As I mentioned in my, #LifeInView| Where Would We Be Without Support? post, I used to be quite shy about showing what I was writing to my friends and family, but I had no problem publishing it online. I think I was I was worried about the personal opinion of what others that knew me, and I knew them. Online, I had the protection of anonymity, I didn’t have to worry about. The website that I turned to was TeenInk.com.
I found it one day while I was doing some googling. The website’s tagline is, “By Teens, For Teens” that’s what attracted me to learn more. Not only can you publish your writing on the website, but they select a few to get published in their monthly magazine. It allows you to connect with other writers, read their work, and have them comment on yours. But there is an age limit for the site, it is called “Teen” Ink. Once you are over the age 19, you can no longer publish to the site, but your work will remain.
In 2009, I found out about Teen Ink’s NYC Summer Writing Program. It was open to girls in grades 9-12 of that school year. The itinerary included: writing courses, individual instruction, guest speakers, and daily outings. Housing was at the Juilliard College dorms. To apply I had to fill out an application and send in samples of my writing. Thousands of girls applied, but they only picked 30 to be a part of the program for that year. I was totally shocked to find out that I was one of them.
(PAE note: This is the video they made of our 2009 NYC Summer Writing Program. You’ll see baby me lol)
Once again, I never shared my writing like that, so to get news that I had been accepted into this program with 29 other talented girls blew my mind. At first, my mom was not into it. She thought it was a big scam and I was going to be sold into slavery off in a different country. She would tell me that multiple times a day. The top really blew off, when we learned that the total cost was going to be $4,000.
This was a two-week trip, so the cost included: meal plan, tours, Broadway shows, museums, etc. We just didn’t have the money. Throughout all of this, we were in contact with John Meyer, who was the owner and founder of Teen Ink. Looking back now, it’s simply hilarious and heartwarming because he would reassure my mom that the program was not a scam and I would not be sold into slavery. He said that they still wanted me to be a part of the program and things would work out.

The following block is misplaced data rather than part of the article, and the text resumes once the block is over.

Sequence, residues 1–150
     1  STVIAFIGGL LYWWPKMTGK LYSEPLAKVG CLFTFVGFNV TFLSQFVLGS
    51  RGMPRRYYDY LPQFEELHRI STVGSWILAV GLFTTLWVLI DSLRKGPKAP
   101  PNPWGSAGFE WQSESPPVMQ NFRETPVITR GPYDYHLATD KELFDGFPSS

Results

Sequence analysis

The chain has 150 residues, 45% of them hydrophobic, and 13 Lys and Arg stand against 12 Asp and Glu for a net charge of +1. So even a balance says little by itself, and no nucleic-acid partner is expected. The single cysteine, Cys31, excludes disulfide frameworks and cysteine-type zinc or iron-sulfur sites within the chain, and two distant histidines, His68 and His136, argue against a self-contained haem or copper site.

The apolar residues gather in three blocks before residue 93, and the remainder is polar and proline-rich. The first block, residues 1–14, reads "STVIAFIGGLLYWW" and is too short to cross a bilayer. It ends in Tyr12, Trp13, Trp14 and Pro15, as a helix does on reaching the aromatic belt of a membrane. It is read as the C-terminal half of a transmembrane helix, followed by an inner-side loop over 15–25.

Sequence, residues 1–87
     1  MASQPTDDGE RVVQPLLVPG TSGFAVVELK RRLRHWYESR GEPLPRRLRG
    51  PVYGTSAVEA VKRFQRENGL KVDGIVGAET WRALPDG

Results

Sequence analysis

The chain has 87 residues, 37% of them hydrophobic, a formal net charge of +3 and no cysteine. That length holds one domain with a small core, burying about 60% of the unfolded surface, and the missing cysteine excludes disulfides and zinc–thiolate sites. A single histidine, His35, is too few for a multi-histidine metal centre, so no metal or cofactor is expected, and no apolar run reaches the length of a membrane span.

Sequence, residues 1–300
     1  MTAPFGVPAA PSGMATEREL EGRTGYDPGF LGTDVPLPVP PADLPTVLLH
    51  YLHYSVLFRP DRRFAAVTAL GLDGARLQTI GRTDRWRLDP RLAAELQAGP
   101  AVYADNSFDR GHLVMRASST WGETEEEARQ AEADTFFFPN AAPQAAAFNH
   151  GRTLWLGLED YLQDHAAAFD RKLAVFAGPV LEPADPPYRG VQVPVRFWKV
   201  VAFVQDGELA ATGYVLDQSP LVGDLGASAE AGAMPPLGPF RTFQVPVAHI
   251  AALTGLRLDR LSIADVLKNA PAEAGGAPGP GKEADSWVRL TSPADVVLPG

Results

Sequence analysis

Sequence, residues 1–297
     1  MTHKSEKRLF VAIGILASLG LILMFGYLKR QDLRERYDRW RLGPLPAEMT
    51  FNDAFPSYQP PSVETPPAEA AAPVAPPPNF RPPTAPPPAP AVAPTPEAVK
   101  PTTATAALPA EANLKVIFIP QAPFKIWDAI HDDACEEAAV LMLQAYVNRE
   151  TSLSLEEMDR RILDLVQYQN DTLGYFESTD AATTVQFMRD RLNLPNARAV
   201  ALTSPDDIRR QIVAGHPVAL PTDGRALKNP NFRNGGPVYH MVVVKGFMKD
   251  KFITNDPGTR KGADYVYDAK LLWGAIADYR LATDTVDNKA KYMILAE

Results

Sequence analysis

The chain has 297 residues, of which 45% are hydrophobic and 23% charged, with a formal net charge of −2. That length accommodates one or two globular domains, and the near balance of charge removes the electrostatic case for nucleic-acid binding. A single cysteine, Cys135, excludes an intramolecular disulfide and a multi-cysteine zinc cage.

I kid you not, I remember sitting in my Creative Writing class and over the intercom, I got called down to the main principal’s office. The whole walk there, I was filled with such dread just thinking about the reason why I had been called out of class. His office was on the opposite side of the school, so I had a lot of thinking to do. I walked in, and there was a lady in his office with him, but they were both smiling so I figured I wasn’t in any trouble. She told me that she was from the Board of Education, and she heard that I had been accepted into the Teen Ink NYC Summer Writing Program. She said that she was proud that I had been one of the 30 accepted and that they were going to pay for me to go.
When I say I lost my mind, I lost my mind! I called my mother on the phone and she just couldn’t believe it. Honestly, it wasn’t until we got to Juilliard and she dropped me off did she stop thinking it was a scam. The program was absolutely amazing, I met many wonderful and talented individuals. I’m honestly glad that I went and took the opportunity because I learned so much about myself that I didn’t know before. Sadly, the program is no longer offered.
Even after the program, and leaving my teenage years, I would still help Teen Ink. Occasionally, I would do the freelance reading for them and I kept in contact with John. We would always email back and forth, and try to keep each other updated on life. When we moved to our apartment, I emailed him to let him know our new address, but I never heard from him. There would be a gap in time between our emails, but never this long.
Last week, I emailed one of the editors to ask her and she informed me that he had passed away in January. He had liver cancer. I read the email at physical therapy so I couldn’t break down at the time, but I did when I got home. My grief is new, but he’s been gone for so long and I didn’t even know.
I had a moment last week of questioning myself. I questioned what I share and what I discuss on this blog. I never want to offend anyone by what I write, but at the same time, what I write is coming from my perspective and my life. I know that not everyone shares the same views as me, and that’s okay. But everything just got to be too much, and I needed a break. Then I thought about John, and his continual support and I knew that I couldn’t give up. But I’m going to end this here before I start crying again…